Page 2 – The Heterdox Yoder? Branson Parler’s Response
Yoder and Language
Key to Martens’ argument is the notion that, for the later Yoder, “language and text are rejected or severely circumscribed in their social usefulness; empirical and sociological practices remain the only possible means of uninhibited communication.”[v] He reiterates this point in his response: “I am convinced that precisely the depreciation of the need for ‘mental or verbal’ communication in the pursuit of paradigmatic visible practices (or, to use the language of The Heterodox Yoder, the rejection of middle axioms) calls into question the continued need for a normative distinction between the church and world living in the pursuit of living with the grain of the universe.”[vi] In my view, two points problematize Martens’ account.
First, Yoder does not reject the idea of middle axioms, even if he stops using that specific term (which was in play in ecumenical circles at the time he wrote The Christian Witness to the State). In 1988, Yoder notes that although he has moved away from the term “middle axioms,” the point of his earlier use of the term remains: “to face the challenge of stating good news in pertinent form.”[vii] The “good news” facet of this statement underscores that it “derives accountably from Yahweh’s intervention in history from Abraham to Pentecost,” not merely from reason or nature. The “pertinent form” element means that “the moral call must be local, occasional, rendered comprehensible and credible by the presence of God’s people with the problem setting to which they speak.” The universal good news must be proclaimed in each particular setting.
Second, in 1992 and 1996, Yoder wrote articles dedicated to underscoring the importance of language, text, and translation in communicating the gospel.[viii] Post-Wittgenstein communitarians are right to recognize that language (including moral language) is community-dependent but they are wrong, Yoder argues, if they think that this means that meaningful communication is impossible. The hand-wringing in academic circles would ease, according to Yoder, if we would pay attention to the actual experience of Bible translators and missionaries who are living proof that meaningful translation can happen. Yoder borrows a page from Barth’s playbook here; while philosophers are wrangling over whether translation is possible, Yoder points out that it is obviously possible because it is already actual. As Bible translators know well, no translation is identical with the original, but this does not mean that accurate and adequate meaning cannot be conveyed.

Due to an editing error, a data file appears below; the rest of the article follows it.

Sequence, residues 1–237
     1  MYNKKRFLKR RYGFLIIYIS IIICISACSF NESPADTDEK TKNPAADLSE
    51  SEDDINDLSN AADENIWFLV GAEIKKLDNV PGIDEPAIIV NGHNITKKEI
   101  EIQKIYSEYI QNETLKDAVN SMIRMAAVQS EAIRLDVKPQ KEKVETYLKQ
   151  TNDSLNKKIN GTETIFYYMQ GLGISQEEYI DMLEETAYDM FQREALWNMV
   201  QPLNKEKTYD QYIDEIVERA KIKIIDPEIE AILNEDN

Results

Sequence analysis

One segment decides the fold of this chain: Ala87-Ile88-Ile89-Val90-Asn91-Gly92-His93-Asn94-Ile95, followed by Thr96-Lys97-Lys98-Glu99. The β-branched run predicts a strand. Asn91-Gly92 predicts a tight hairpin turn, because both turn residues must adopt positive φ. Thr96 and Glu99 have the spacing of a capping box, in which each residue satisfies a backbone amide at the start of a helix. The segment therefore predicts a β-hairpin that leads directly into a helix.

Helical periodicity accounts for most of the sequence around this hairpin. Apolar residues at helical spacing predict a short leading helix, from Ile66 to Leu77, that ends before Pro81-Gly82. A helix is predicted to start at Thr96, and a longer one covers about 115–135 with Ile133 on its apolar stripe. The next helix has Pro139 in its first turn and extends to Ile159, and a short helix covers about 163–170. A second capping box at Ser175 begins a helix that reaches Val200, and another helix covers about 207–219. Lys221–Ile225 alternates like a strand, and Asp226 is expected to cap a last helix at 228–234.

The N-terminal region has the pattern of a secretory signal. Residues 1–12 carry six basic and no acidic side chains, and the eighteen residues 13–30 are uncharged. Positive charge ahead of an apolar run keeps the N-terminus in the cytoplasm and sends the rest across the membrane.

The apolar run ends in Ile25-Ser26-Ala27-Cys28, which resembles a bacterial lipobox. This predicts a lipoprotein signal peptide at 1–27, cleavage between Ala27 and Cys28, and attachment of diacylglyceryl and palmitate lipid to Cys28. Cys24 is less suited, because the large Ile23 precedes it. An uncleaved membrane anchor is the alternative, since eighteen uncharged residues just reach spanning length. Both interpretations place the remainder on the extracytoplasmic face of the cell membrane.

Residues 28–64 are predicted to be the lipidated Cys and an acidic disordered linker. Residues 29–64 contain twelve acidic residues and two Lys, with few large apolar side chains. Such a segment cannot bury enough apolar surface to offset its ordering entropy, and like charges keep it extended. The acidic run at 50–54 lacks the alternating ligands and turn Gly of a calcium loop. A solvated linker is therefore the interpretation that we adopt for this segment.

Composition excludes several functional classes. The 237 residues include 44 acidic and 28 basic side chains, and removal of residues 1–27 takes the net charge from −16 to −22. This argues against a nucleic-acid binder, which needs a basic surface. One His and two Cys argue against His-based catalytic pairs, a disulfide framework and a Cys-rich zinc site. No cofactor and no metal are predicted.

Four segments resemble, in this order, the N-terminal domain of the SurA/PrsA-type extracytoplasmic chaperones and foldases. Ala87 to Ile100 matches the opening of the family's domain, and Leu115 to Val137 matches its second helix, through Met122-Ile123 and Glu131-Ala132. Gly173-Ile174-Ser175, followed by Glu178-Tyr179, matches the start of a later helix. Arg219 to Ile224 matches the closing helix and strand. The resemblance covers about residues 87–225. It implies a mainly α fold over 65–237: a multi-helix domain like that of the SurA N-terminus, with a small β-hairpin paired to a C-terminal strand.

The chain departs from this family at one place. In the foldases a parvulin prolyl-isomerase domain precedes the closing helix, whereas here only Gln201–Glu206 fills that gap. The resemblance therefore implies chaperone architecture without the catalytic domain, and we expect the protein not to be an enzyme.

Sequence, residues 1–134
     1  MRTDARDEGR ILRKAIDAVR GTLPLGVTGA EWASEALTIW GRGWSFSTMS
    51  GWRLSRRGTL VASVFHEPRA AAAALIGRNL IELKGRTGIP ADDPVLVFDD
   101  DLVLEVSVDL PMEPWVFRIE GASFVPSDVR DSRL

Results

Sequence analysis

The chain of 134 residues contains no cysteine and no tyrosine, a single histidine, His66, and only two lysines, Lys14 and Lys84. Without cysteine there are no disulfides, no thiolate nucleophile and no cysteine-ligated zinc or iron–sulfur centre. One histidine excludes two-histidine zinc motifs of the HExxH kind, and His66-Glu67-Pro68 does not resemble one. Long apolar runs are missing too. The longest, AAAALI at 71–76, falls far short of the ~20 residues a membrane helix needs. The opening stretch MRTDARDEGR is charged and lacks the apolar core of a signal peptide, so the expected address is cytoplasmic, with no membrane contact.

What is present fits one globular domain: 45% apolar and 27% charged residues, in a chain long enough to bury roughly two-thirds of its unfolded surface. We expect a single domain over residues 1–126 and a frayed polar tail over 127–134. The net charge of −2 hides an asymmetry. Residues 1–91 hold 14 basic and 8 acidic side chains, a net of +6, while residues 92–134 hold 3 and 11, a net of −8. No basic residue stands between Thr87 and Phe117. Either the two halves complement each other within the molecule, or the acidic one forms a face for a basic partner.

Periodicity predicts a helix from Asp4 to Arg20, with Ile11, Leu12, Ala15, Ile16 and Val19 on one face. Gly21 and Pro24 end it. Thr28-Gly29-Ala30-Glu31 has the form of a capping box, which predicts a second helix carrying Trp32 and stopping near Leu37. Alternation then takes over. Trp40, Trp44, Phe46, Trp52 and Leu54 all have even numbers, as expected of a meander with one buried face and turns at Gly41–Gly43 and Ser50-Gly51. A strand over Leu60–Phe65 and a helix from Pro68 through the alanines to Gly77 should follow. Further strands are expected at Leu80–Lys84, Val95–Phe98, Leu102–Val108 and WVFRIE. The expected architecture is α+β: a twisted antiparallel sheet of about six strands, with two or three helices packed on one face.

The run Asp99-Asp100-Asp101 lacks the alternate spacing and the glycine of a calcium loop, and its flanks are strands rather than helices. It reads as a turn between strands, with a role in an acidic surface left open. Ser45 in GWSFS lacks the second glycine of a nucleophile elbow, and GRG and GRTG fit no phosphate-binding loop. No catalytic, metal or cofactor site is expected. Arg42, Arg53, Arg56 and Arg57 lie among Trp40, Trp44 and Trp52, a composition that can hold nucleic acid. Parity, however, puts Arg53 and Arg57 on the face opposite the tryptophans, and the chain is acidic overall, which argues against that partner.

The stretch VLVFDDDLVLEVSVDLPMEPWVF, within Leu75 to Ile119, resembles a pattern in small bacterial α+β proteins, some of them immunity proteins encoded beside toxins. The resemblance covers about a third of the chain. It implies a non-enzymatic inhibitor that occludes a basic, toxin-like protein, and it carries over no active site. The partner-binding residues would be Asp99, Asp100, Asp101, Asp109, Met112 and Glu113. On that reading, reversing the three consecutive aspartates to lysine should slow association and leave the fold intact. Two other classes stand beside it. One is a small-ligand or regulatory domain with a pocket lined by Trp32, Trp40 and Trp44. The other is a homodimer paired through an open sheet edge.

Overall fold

A more thorough exposition of these texts would be needed to settle the matter. I simply allude to these points because they problematize Martens’ account of a mature Yoder who was jettisoning verbal communication in favor of practices that operate apart from linguistic or verbal explanation of those practices (if there can even be such a thing as practices apart from language). For me, this simply underscores that Yoder is not setting up a choice between either paradigmatic practices or linguistic witness; medium and message belong together and so the faithful Christian community lives and speaks in ways that should be both faithful to the gospel and pertinent to the particular context in which a community lives. As usual, Yoder ups the ante by suggesting that the real question is not whether trans-community communication is a theoretical possibility that some elite linguists or ethicists might undertake; the real question is whether all followers of Jesus are biblical enough to be present in any thought world, taking “every thought captive to make it obedient to Christ” (2 Cor. 10:5).
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